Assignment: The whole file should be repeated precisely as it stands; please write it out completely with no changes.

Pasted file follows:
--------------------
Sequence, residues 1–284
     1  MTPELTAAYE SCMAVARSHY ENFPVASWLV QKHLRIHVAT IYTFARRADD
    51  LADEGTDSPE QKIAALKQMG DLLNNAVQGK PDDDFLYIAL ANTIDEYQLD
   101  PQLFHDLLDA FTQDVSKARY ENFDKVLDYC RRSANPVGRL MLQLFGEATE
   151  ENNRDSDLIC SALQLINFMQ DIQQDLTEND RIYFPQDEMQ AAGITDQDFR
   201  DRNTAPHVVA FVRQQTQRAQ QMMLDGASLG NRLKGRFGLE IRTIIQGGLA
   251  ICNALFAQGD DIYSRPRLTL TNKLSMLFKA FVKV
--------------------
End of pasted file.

Sequence, residues 1–284
     1  MTPELTAAYE SCMAVARSHY ENFPVASWLV QKHLRIHVAT IYTFARRADD
    51  LADEGTDSPE QKIAALKQMG DLLNNAVQGK PDDDFLYIAL ANTIDEYQLD
   101  PQLFHDLLDA FTQDVSKARY ENFDKVLDYC RRSANPVGRL MLQLFGEATE
   151  ENNRDSDLIC SALQLINFMQ DIQQDLTEND RIYFPQDEMQ AAGITDQDFR
   201  DRNTAPHVVA FVRQQTQRAQ QMMLDGASLG NRLKGRFGLE IRTIIQGGLA
   251  ICNALFAQGD DIYSRPRLTL TNKLSMLFKA FVKV